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Greece points to reforms and argues it shouldn't be Europe's scapegoat.
ATHENS, Greece — In the public eye, Greece has slid into the abyss of financial irresponsibility populated by the likes of Lehman Brothers and Bear Stearns. Its seemingly un-payable debts have become a millstone on the global economy.
But unlike the corporate reprobates of the subprime mortgage era, Greece is a country with citizens, schools, businesses and territory. It will exist whether or not it repays its creditors.
And so in addition to struggling for financial survival, its leaders are battling to salvage the country's reputation. They're fighting back against the idea that Greece is to blame for what ails the euro zone and beyond.
From Greece: Feeling Greece's pain
"Greece is not the scapegoat of the euro area or the international economy," Greek Finance Minister Evangelos Venizelos told international bankers during a speech Sunday in Washington. A day earlier, he said they were fighting "negative stereotypes about Greece that have been floating around internationally."
On Tuesday, Prime Minister George Papandreou said it's frustrating that Greeks are scorned despite making "painful sacrifices."
"We are not asking for applause. We are simply asking for respect [for] the facts," Papandreou told business leaders during a speech in Berlin, before a scheduled meeting with German Chancellor Angela Merkel.
Greek pride has taken a beating during the crisis, as politicians carry out European orders to slash spending in exchange for bailout loans. Greece, birthplace of the Olympic Games, even had to beg for international handouts for its athletes to compete next summer in London.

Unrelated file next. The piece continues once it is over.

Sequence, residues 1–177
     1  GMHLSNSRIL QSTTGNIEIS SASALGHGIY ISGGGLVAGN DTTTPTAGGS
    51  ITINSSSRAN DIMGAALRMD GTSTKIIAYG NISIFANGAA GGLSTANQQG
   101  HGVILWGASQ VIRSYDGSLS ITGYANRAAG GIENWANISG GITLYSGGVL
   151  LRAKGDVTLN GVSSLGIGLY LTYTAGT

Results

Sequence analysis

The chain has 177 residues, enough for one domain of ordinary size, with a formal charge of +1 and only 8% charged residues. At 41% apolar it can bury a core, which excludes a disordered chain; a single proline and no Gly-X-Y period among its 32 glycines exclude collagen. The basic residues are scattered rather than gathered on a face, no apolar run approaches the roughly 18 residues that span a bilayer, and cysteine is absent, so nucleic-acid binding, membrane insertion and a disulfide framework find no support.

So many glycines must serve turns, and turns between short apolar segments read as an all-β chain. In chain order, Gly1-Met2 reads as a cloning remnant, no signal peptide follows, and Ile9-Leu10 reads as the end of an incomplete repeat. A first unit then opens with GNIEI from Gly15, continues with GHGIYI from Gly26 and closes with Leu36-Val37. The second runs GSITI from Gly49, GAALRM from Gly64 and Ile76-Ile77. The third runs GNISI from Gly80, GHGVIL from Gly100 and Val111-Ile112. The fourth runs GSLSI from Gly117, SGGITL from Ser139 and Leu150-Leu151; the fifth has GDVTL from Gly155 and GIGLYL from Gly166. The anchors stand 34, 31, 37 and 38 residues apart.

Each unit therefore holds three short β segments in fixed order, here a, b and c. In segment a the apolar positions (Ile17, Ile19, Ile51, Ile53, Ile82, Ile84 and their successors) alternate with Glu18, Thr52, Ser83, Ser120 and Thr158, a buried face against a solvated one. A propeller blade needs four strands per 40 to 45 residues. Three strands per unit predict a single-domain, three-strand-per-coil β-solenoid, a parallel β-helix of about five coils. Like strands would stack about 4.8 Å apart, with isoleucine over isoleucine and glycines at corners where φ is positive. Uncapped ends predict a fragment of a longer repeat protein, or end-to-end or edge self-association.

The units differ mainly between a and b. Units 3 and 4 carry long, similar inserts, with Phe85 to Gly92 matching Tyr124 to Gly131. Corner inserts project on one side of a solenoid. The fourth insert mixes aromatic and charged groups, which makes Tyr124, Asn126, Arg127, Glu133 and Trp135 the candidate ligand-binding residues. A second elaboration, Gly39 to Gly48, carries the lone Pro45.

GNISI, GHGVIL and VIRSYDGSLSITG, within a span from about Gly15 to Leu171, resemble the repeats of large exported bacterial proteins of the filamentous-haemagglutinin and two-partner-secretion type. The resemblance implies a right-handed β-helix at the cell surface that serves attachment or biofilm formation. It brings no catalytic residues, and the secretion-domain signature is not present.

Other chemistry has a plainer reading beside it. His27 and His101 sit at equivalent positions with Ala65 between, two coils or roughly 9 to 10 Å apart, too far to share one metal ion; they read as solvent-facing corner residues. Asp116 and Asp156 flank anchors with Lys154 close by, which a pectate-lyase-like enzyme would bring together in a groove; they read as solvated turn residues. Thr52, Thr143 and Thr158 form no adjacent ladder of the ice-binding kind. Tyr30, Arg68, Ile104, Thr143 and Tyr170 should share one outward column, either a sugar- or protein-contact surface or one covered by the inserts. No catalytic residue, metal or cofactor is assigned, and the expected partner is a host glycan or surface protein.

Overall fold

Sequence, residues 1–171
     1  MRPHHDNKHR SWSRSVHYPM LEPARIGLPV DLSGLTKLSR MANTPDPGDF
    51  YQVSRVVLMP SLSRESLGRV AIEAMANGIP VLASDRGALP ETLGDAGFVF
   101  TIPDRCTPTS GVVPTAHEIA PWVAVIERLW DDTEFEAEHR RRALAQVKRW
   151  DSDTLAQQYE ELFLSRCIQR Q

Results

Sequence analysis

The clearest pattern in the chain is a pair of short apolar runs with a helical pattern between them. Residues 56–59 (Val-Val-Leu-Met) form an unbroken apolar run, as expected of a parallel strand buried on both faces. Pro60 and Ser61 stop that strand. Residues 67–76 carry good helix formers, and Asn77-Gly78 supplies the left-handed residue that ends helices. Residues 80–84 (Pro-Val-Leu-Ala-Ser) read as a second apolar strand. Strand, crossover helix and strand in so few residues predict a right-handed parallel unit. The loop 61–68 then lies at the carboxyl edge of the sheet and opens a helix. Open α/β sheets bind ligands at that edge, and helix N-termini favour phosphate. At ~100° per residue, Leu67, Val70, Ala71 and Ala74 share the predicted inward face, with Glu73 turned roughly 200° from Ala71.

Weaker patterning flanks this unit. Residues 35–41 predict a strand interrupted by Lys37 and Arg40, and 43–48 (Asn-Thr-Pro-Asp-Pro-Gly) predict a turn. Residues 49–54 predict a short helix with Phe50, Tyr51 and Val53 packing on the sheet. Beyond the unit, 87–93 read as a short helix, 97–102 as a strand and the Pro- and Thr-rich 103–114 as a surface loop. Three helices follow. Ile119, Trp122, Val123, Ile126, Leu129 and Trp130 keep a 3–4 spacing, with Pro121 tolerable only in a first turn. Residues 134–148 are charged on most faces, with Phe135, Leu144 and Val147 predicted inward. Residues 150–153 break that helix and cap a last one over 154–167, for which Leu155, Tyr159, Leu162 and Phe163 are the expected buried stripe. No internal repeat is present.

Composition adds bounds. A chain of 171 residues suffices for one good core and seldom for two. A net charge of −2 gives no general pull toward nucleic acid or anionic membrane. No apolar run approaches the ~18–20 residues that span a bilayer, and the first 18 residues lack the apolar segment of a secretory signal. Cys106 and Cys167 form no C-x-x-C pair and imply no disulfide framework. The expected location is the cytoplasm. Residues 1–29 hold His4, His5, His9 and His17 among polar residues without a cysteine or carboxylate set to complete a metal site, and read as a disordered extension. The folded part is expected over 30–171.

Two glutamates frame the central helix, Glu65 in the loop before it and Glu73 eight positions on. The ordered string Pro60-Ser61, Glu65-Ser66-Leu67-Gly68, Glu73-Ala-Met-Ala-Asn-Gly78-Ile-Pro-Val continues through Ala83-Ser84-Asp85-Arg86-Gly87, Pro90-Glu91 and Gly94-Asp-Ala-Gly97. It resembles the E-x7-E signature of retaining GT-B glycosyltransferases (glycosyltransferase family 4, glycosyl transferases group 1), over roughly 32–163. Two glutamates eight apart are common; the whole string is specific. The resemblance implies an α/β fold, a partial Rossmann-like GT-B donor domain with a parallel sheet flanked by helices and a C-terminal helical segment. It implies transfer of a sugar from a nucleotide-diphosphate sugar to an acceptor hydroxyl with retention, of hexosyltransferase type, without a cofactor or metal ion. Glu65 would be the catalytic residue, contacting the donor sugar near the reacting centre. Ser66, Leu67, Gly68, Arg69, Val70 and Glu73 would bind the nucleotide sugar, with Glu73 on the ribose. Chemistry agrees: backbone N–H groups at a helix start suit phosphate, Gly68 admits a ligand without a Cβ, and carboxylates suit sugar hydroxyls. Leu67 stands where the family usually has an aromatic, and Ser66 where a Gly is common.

Greece: Throwing Greece under the bus
Greek leaders acknowledge they, or their predecessors at least, wildly overspent and failed to collect taxes. But as global markets fret about possible Greek default and contagion, Greece says don't blame us, a country of 11 million people accounting for just 3 percent of total euro-zone public debt.
The staunch defense comes at a crucial moment, as Greece desperately seeks an $11 billion bailout loan to avert a government shutdown. Global markets are worried Europe won't contain the problem and Greeks themselves are incensed by the government's sweeping cuts to pensions, salaries, and social services.
Meanwhile, average Greeks are finding it difficult to fall in line behind their government. Transportation strikes routinely paralyze the capital. This Sunday, riot police clashed with protesters, as they have before. On Tuesday, the ruling Socialist government was set to vote on an unpopular new property tax that many citizens say will be hard to pay. The tax will be collected via electricity bills, a tactic seen as pragmatic after decades of unpunished tax evasion. This time, evaders will risk having their power cut.
"There is no positive in this, nothing," said 53-year-old postal worker Constantine Drivas, who sold his car and cancelled his cell phone contract after his $1,540 monthly salary was cut by $330. "Greece was not ready for this crisis."
Europe apparently wasn't ready, either, according to most experts. A $150 billion bailout fund created for Greece in May 2010 proved insufficient. A second loan, identical in size, was agreed to in principle in July, but is awaiting final negotiations. It calls for a 21 percent "haircut" on Greek debt.